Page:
Fashion's Environmental Impact

 

The fashion industry has a disastrous impact on the environment. In fact, it is the second largest polluter in the world, just after the oil industry. And the environmental damage is increasing as the industry grows.

However, there are solutions and alternatives to mitigate these problems. The first step lies in building awareness and willingness to change.

 

  Source: Gigie Cruz-Sy / Greenpeace

Source: Gigie Cruz-Sy / Greenpeace

Fashion & Water Pollution

In most of the countries in which garments are produced, untreated toxic wastewaters from textiles factories are dumped directly into the rivers.

Wastewater contains toxic substances such as lead, mercury, and arsenic, among others. These are extremely harmful for the aquatic life and the health of the millions people living by those rivers banks. The contamination also reaches the sea and eventually spreads around the globe. 

Another major source of water contamination is the use of fertilizers for cotton production, which heavily pollutes runoff waters and evaporation waters.

WHAT CAN WE DO ABOUT IT?

  • Choose clothes made in countries with stricter environmental regulations for factories (EU, Canada, US...).

  • Choose organic fibers and natural fibers that do not require chemicals to be produced.
FASHION & WATER CONSUMPTION

Fashion & water CONSUMPTION

The fashion industry is a major water consumer. 
Huge quantity of fresh water are used for the dyeing and finishing process for all of our clothes.  As reference, it can take up to 200 tons of fresh water per ton of dyed fabric.  

Also, cotton needs A LOT of water to grow (and heat), but is usually cultivated in warm and dry areas. Up to 20,000 liters of water are needed to produce just 1kg of cotton. This generates tremendous pressure on this precious resource, already scarce, and has dramatic ecological consequences such as the desertification of the Aral Sea, where cotton production has entirely drained the water (see pictures above).  

85 % of the daily needs in water of the entire population of India would be covered by the water used to grow cotton in the country.
100 million people in India do not have access to drinking water.
— Stephen Leahy, The Guardian

WHAT CAN WE DO ABOUT IT?

 

  Cora Ball/Rozalia Project

Cora Ball/Rozalia Project

Fashion & MICROFIBERS IN OUR OCEANS

Every time we wash a synthetic garment (polyester,nylon, etc), about 1,900 individual microfibers are released into the water, making their way into our oceans. Scientists have discovered that small aquatic organisms ingest those microfibers. These are then eaten by small fish which are later eaten by bigger fish, introducing plastic in our food chain

WHAT CAN WE DO ABOUT IT?

 

  The True Cost Movie

The True Cost Movie

FASHION & WASTE ACCUMULATION

Clothing has clearly become disposable. As a result, we generate more and more textile waste. A family in the western world throws away an average of 30 kg of clothing each year. Only 15% is recycled or donated, and the rest goes directly to the landfill or is incinerated.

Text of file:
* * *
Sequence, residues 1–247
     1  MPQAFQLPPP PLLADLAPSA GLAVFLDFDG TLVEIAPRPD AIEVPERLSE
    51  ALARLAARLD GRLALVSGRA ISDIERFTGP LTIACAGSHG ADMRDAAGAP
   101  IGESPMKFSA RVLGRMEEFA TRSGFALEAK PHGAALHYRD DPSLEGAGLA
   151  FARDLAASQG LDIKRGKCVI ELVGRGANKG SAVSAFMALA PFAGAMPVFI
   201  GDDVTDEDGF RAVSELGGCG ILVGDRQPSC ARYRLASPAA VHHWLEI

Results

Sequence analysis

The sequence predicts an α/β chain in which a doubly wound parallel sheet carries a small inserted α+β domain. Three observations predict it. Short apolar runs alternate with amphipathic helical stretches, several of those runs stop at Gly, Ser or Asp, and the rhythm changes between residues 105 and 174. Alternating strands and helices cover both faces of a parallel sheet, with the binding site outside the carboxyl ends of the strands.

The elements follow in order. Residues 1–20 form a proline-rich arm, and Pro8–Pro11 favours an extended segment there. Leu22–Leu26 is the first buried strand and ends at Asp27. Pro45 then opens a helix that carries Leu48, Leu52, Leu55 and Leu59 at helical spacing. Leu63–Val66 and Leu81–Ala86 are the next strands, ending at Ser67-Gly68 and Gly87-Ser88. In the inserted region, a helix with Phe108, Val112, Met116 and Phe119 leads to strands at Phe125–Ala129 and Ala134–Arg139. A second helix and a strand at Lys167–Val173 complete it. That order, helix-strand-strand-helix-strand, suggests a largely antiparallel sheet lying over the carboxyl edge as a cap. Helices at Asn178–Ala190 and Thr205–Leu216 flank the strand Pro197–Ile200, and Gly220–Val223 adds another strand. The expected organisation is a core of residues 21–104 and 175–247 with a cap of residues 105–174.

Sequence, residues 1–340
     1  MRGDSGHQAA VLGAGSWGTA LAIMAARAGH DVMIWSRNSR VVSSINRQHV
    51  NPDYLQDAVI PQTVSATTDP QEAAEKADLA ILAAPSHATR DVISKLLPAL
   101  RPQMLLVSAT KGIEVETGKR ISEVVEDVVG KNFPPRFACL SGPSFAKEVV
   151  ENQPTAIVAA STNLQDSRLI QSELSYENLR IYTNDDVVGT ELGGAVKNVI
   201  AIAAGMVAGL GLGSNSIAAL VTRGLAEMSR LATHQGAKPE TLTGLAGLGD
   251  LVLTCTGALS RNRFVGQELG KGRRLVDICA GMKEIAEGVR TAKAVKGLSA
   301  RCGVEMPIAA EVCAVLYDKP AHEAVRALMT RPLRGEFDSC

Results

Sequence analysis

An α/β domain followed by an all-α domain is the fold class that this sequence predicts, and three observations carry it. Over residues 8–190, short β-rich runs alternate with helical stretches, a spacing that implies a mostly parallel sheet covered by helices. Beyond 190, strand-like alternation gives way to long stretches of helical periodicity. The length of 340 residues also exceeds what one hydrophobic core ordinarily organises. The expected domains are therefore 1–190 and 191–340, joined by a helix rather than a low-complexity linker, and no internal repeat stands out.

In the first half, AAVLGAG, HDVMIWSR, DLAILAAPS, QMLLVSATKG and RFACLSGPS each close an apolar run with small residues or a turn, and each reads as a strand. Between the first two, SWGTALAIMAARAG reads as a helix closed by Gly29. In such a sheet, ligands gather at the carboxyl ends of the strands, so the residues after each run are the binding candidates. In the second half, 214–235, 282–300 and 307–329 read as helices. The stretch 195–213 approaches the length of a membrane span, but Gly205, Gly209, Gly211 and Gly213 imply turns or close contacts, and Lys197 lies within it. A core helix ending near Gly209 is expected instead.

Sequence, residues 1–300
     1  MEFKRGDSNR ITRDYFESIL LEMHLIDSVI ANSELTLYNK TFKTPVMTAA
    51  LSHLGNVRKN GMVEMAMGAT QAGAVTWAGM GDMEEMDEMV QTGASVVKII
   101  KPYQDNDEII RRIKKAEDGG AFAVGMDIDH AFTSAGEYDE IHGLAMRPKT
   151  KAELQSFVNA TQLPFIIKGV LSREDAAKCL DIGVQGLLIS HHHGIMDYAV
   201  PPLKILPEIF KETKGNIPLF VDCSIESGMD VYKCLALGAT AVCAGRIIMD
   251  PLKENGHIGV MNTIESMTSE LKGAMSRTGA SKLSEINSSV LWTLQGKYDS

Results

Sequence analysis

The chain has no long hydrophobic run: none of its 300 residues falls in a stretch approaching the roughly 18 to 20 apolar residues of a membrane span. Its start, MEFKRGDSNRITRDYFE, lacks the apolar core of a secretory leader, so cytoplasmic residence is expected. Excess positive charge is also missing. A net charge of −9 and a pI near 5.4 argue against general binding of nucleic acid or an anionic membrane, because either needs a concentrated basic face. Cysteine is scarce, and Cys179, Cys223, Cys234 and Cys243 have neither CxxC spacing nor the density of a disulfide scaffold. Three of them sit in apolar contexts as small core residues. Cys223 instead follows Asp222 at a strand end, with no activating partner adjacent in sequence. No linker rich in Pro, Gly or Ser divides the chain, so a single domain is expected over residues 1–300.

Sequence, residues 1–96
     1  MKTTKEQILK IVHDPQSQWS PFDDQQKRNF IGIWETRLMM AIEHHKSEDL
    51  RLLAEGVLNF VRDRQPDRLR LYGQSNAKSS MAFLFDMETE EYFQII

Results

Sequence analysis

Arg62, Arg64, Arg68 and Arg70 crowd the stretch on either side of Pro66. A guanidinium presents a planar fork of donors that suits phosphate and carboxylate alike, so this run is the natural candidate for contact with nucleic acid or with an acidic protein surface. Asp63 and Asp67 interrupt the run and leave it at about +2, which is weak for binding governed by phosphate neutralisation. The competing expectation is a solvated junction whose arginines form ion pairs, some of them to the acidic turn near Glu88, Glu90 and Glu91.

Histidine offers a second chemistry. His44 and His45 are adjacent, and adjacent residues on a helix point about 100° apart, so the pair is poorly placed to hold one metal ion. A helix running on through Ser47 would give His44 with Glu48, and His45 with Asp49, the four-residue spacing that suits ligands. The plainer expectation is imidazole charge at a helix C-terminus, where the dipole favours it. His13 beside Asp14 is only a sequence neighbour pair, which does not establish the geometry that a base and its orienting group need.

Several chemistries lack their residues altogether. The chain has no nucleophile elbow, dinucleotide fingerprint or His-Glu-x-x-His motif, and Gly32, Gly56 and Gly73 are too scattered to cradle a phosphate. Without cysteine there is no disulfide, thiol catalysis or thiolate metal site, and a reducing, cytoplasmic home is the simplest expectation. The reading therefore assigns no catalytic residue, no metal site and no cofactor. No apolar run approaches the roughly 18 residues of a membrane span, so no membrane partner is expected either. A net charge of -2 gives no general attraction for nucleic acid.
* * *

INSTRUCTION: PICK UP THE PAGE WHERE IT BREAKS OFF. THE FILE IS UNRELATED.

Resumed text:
Synthetic fibers, such as polyester, are plastic fibers, therefore non-biodegradable and can take up to 200 years to decompose. Synthetic fibers are used in 72% of our clothing.

  The True Cost Movie

The True Cost Movie

FASHION & CHEMICALS

Chemicals are one of the main components in our clothes.

They are used during fiber production, dyeing, bleaching, and wet processing of each of our garments.

The heavy use of chemicals in cotton farming is causing diseases and premature death among cotton farmers, along with massive freshwater and ocean water pollution and soil degradation.

Some of these substances are also harmful to the consumer (see section about toxicity). 

WHAT CAN WE DO ABOUT IT?

    FASHION & GREENHOUSE GAS EMISSIONS

    FASHION & GREENHOUSE GAS EMISSIONS

    The apparel industry accounts for 10% of global carbon emissions.

    The global fashion industry is generating a lot of greenhouse gases due to the energy used during its production, manufacturing, and transportation of the millions garments purchased each year.

    Synthetic fibers (polyester, acrylic, nylon, etc.), used in the majority of our clothes, are made from fossil fuel, making production much more energy-intensive than with natural fibers.

    Most of our clothes are produced in China, Bangladesh, or India, countries essentially powered by coal. This is the dirtiest type of energy in terms of carbon emissions.  

    Cheap synthetic fibers also emit gases like N2O, which is 300 times more damaging than CO2.
    — James Conca - FORBES

    WHAT CAN WE DO ABOUT IT?

         

        FASHION  & SOIL DEGRADATION

        FASHION & SOIL DEGRADATION 

        The soil is a fundamental element of our ecosystem. We need healthy soil for food production but also to absorb CO2.  The massive, global degradation of soil is one of the main environmental issues our planet is currently facing. It presents a major threat to global food security and also contributes to global warming. 

        The fashion industry plays a major part in degrading soil in different ways: overgrazing of pastures through cashmere goats and sheep raised for their wool; degradation of the soil due to massive use of chemicals to grow cotton; deforestation caused by wood-based fibers like rayon.  

        WHAT CAN WE DO ABOUT IT?

              FASHION & RAINFOREST DESTRUCTION

              FASHION & RAINFOREST DESTRUCTION

              Every year, thousands of hectares of endangered and ancient forests are cut down and replaced by plantations of trees used to make wood-based fabrics such as rayon, viscose, and modal.

              This loss of forests is threatening the ecosystem and indigenous communities, as in Indonesia where large-scale deforestation of the rainforests has taken place over the past decade.

              WHAT CAN WE DO ABOUT IT?